What if the Republican Party was uber-Trumpy but without Donald Trump’s charisma, huge platform, or large following? State Republican parties are testing that out, and it’s not going so well for them, The Washington Post reports.
Michigan Republicans, under the leadership of state party chair and failed secretary of state candidate Kristina Karamo, are hundreds of thousands of dollars in debt and have talked about selling their party headquarters—except it’s owned by a trust, not the party.
Arizona Republicans are saddled with debt from paying legal bills for the fake electors in Trump’s effort to overturn the 2020 election. Jeff DeWit, the state party chair, has been reduced to begging Republican National Committee Chair Ronna McDaniel for help, reportedly telling her, “We desperately need to keep the lights on.”
Georgia Republicans are also struggling to pay legal bills for fake electors, and Gov. Brian Kemp has created his own separate political operation, raising money and helping candidates but not contributing to the state party.
In each case, the state parties have been plagued by infighting—even physical altercations in Michigan—and weakened by embracing Trump’s obsessive denial that he lost in 2020. It goes to show what happens when regular, non-Trump people emulate Trump. They end up with far more of his weaknesses than his strengths—and Trump’s weaknesses already outweigh his strengths, as shown by his own 2020 loss and Republican losses during the time he’s led the party.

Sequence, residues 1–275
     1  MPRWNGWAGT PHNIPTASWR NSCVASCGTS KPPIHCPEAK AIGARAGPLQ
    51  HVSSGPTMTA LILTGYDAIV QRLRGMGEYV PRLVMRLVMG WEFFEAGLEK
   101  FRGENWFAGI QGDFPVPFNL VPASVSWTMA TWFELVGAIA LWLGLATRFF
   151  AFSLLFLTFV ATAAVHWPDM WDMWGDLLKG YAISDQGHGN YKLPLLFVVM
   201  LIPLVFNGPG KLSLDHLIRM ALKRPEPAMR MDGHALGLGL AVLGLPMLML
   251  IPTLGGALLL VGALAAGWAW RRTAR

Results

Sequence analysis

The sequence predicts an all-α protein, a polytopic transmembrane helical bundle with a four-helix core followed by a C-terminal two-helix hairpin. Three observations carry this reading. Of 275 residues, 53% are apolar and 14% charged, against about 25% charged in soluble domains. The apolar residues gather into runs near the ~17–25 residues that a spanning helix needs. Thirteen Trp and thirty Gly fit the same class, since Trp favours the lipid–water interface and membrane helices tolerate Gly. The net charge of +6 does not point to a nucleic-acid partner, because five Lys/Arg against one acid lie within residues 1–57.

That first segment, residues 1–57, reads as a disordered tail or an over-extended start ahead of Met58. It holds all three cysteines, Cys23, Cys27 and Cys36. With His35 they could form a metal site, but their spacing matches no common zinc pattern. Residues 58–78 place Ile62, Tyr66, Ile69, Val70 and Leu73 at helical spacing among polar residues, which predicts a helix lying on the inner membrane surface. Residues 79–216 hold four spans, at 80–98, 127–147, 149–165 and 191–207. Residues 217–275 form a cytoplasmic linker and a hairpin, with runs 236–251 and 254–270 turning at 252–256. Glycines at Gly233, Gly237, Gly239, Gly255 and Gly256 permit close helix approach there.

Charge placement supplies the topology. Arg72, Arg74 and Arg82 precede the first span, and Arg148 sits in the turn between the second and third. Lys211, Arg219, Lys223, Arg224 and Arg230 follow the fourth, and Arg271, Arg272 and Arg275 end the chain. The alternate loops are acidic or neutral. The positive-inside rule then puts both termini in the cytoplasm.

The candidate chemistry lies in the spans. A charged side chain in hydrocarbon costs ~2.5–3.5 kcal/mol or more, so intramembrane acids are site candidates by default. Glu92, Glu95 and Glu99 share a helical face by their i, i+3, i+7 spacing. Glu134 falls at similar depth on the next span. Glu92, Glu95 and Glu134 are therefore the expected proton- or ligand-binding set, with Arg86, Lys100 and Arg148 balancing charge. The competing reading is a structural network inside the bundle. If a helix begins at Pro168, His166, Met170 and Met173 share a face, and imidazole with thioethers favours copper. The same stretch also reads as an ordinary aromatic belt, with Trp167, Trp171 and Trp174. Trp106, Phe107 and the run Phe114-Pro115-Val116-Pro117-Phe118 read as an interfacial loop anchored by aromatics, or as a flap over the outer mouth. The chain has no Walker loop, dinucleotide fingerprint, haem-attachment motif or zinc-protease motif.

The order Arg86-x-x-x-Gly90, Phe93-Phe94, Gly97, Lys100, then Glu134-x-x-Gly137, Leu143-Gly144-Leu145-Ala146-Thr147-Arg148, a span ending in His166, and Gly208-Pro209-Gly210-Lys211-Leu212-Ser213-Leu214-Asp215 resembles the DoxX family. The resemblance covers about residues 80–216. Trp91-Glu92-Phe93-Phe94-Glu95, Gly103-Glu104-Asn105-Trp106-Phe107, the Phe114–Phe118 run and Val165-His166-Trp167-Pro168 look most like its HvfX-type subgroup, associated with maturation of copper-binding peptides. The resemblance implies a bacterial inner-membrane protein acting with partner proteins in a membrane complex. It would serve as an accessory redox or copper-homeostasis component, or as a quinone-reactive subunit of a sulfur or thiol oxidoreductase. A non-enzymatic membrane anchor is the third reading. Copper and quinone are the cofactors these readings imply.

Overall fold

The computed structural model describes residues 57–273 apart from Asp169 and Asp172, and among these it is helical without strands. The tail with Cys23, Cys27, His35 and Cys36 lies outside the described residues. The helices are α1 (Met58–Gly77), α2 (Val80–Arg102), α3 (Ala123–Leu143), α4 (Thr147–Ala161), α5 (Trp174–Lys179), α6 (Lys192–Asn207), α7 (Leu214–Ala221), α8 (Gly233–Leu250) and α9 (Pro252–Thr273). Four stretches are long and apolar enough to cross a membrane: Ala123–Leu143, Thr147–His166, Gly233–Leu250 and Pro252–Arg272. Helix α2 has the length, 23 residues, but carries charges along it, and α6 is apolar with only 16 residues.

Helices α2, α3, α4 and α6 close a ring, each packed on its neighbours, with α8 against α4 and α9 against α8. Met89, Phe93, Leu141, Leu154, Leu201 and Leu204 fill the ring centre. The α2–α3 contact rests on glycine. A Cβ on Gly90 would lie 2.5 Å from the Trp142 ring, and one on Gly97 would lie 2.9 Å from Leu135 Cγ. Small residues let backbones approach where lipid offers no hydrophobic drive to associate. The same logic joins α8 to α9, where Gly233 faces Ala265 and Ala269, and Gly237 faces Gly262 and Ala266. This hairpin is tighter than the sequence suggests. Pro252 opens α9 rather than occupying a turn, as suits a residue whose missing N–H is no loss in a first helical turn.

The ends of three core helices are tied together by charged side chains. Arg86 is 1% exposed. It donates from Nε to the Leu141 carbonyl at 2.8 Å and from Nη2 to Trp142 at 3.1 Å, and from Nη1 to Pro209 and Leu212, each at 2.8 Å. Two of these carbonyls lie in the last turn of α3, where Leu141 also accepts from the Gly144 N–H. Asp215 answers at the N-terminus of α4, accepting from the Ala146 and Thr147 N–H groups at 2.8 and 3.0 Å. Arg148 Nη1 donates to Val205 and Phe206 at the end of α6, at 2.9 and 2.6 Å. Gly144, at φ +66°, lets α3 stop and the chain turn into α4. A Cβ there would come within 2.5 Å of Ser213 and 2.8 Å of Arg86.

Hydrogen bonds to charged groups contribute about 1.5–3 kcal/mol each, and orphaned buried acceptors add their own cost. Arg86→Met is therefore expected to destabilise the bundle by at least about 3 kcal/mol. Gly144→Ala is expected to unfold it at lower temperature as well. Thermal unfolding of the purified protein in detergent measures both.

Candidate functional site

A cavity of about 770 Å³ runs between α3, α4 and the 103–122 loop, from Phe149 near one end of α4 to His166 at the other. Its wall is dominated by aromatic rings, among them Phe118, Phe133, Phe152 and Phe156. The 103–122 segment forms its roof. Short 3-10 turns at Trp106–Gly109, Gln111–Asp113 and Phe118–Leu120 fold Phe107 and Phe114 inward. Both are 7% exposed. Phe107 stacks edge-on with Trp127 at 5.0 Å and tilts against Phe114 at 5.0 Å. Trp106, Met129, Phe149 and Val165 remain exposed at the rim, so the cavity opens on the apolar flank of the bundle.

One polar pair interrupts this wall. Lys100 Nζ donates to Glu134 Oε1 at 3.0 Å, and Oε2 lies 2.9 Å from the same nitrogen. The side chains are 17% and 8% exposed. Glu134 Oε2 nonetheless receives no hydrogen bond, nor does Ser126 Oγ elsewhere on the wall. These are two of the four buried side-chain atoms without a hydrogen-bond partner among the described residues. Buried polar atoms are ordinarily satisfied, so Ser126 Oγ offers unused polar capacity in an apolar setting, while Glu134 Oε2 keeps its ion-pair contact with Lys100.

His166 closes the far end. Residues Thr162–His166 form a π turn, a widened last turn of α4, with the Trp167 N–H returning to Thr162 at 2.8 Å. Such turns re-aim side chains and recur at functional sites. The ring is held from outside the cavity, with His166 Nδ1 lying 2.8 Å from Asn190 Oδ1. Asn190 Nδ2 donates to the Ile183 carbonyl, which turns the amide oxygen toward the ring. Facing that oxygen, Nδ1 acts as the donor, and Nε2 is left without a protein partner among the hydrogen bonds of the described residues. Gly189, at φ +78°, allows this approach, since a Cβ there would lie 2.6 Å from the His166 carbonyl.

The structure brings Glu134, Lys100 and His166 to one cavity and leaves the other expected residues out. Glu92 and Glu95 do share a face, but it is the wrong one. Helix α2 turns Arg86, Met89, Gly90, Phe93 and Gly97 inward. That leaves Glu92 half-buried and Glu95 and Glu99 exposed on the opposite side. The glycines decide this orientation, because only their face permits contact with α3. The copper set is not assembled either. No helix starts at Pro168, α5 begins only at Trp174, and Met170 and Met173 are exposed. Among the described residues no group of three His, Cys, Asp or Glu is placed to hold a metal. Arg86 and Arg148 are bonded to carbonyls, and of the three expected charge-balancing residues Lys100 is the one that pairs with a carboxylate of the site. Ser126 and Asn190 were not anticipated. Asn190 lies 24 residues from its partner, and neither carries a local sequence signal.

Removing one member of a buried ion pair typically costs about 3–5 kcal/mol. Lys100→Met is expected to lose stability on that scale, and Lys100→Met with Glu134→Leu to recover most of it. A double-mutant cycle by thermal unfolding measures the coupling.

Even if you don’t personally see it, Trump has a charisma that works on frighteningly large numbers of people. The heads of state Republican parties don’t have that. Trump has a platform, with even media organizations that should know better covering him closely (and glossing over the most damning stuff). Heads of state Republican parties are extremely easy to ignore except when their level of messiness rises high enough to be entertaining. Trump has an army of small-dollar donors propping him up even as he uses their money for legal bills rather than winning elections. The financial states of the Arizona, Georgia, and Michigan Republican parties show quite clearly that they don’t have that.
State Republican parties don’t have those strengths, but increasingly, they have Trump’s weaknesses: the cult of personality replacing strategic thinking, personal grievances dominating everything, the mounting legal bills. It’s not a good combination for them.
Trump can pull off Trumpism, to an extent. (Not well enough to win the popular vote in a presidential election.) But the kind of petty infighting he promotes, and the extremist amateurs he has pulled into active roles in state parties, aren’t a good way to institution-build, and that’s something political parties need to do. Instead of building strength, remaking itself in Trump’s image is hollowing out the Republican Party. Long may it continue.